Most hikers take two or three days to complete the Under-the-Rim Trail, starting at Rainbow Point and finishing at Bryce Point. Once finished, you can jump on the free Bryce Canyon Shuttle for a ride back to your car near Rainbow Point.


Camping is only allowed at the seven designated backcountry campsites along the trail. Overnight camping permits are required, and can be purchased at the Park Visitor Center. Keep in mind that open fires are banned everywhere in the Bryce Canyon backcountry.


This is also black bear country—all food and scented items must be stored in bear-resistant canisters. They are available to loan, free of charge, from the Visitor Center.


The winter sun blasts purples and pinks across the sky over the snow-covered trees and sandstone cliffs of Bryce Canyon in Southern Utah

Bryce Canyon, UT - Photo Credit: Chris Blake



Winter Hiking in Bryce Canyon


If you really want to feel like you have Bryce Canyon all to yourself, plan for a winter trip! The glowing orange hoodoos are even more impressive when blanketed in pristine snow amidst the quiet winter air.


Sunset Campground closes and Park Visitor Center hours are reduced for the winter but Bryce Canyon National Park as a whole is open and accessible year-round! Come prepared with winter hiking layers and snowshoes, especially if you’re planning to explore the more remote trails in the park.


As snowy trails get packed down by hikers, they become dangerously slick. Keep a pair of microspikes in your pack for added traction on icy sections, just in case. Trekking poles are also great for some added stability when ascending and descending the steep canyon trails.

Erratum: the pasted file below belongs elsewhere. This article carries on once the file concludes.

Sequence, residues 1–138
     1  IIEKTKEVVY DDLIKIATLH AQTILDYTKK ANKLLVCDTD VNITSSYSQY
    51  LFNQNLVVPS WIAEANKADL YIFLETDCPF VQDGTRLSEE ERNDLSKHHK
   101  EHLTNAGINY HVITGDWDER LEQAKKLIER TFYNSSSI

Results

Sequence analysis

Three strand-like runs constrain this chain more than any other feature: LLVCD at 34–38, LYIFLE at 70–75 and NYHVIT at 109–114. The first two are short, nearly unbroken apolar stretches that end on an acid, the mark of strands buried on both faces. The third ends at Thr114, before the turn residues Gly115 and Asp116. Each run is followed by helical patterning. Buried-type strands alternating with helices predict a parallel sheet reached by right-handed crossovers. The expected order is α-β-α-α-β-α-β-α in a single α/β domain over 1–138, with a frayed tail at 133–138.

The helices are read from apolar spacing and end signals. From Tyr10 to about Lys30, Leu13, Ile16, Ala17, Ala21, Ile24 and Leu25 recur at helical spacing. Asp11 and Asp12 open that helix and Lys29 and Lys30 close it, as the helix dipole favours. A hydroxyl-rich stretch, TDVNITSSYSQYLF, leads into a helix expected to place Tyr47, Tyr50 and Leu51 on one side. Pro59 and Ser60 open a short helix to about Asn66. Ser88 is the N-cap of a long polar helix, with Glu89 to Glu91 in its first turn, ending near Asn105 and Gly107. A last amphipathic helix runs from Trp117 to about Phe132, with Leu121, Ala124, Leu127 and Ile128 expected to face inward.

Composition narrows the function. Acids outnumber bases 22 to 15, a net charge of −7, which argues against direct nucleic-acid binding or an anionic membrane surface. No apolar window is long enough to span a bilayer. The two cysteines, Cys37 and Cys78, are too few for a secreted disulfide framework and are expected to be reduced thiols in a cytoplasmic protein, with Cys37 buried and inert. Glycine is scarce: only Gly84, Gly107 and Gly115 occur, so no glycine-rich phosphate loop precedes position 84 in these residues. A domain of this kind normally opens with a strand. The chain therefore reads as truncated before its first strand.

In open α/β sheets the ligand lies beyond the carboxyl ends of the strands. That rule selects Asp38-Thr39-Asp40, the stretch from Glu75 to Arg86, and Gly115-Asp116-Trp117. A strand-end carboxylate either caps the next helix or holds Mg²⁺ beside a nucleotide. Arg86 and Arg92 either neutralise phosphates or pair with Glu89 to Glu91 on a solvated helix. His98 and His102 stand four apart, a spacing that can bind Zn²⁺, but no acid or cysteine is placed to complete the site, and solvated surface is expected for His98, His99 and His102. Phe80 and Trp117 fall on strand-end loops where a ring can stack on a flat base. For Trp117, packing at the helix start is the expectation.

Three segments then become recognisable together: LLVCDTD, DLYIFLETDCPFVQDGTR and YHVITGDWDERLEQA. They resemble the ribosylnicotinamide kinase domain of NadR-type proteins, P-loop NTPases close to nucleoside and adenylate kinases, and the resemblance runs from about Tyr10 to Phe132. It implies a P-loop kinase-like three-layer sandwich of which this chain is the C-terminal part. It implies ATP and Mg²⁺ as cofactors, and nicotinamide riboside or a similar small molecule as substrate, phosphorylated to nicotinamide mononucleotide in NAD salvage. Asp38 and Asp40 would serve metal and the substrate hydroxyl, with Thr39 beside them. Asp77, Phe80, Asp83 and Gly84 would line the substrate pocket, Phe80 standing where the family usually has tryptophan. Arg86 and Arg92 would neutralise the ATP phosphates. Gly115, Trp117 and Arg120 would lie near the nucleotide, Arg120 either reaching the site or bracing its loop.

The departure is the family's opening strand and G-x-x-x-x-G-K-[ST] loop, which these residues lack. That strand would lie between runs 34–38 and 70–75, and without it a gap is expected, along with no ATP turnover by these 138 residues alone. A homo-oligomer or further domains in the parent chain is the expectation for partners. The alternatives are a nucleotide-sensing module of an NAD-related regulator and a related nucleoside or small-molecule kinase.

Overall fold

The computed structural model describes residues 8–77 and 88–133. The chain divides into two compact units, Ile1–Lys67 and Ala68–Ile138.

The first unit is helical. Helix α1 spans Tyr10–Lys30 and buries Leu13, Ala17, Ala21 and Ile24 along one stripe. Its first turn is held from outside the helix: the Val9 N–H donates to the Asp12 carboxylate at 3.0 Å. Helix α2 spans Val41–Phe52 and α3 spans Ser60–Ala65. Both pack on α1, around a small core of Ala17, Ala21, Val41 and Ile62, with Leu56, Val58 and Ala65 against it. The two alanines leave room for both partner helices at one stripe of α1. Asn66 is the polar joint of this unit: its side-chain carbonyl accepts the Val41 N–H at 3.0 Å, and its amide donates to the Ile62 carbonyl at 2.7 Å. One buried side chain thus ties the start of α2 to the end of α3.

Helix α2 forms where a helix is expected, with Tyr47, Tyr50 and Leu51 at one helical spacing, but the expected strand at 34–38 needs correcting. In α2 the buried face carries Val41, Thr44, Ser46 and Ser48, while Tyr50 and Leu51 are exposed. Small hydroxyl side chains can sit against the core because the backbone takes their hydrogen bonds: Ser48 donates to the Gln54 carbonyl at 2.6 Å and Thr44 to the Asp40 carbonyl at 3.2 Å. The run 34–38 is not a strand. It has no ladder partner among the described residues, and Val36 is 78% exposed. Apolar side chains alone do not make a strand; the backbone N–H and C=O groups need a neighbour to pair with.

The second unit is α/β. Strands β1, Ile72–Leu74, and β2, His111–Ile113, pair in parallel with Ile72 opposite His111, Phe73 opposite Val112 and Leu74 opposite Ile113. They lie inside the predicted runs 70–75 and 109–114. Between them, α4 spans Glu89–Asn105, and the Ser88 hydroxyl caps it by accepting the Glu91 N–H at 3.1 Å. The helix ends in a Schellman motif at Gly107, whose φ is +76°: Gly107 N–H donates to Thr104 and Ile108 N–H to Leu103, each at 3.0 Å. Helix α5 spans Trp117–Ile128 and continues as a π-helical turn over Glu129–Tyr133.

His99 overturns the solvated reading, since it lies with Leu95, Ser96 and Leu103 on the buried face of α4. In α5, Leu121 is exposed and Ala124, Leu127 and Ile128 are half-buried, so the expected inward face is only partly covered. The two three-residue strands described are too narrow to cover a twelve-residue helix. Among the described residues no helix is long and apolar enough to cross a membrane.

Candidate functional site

A magnificent sunrise over the snow-covered cliffs, hoodoos, and tree-lined valleys of Bryce Canyon in Southern UTah

Bryce Canyon, UT - Photo Credit: Chris Blake



Wait for the wintertime to take on these popular hikes in Bryce Canyon:

  • Queen’s Garden and Navajo Loop (2.9 miles): This linkup of two trails is wildly busy in the summer, for good reason! The diverse scenery includes dramatic cliffs, arches, and hoodoos, all within a manageable 3 miles, making it a classic Bryce Canyon experience.

  • Rim Trail (1-9 miles): Contouring along the rim of Bryce Canyon, the Rim Trail is a scenic and flat trail. It’s a great option if you’d prefer to avoid icy descents into the amphitheaters. The 0.5 mile section between Sunset and Sunrise Points is the easiest and most popular.

  • Mossy Cave (1 mile): This short, family-friendly hike features a creek and a small waterfall. They often freeze over during cold snaps, making for a mini winter wonderland in the middle of the desert.

  • Tower Bridge (3.4 miles): This natural bridge, or arch, is the park’s most popular feature. The trail features great views of Boat Mesa and Sinking Ship (an imposing rock wall) before arriving at Tower Bridge.


Winter or summer, cold or crowded, Bryce Canyon is always worth exploring - it really is that special of a place. And if you know where to look, hiking in Bryce Canyon can still feel as wild and remote as ever!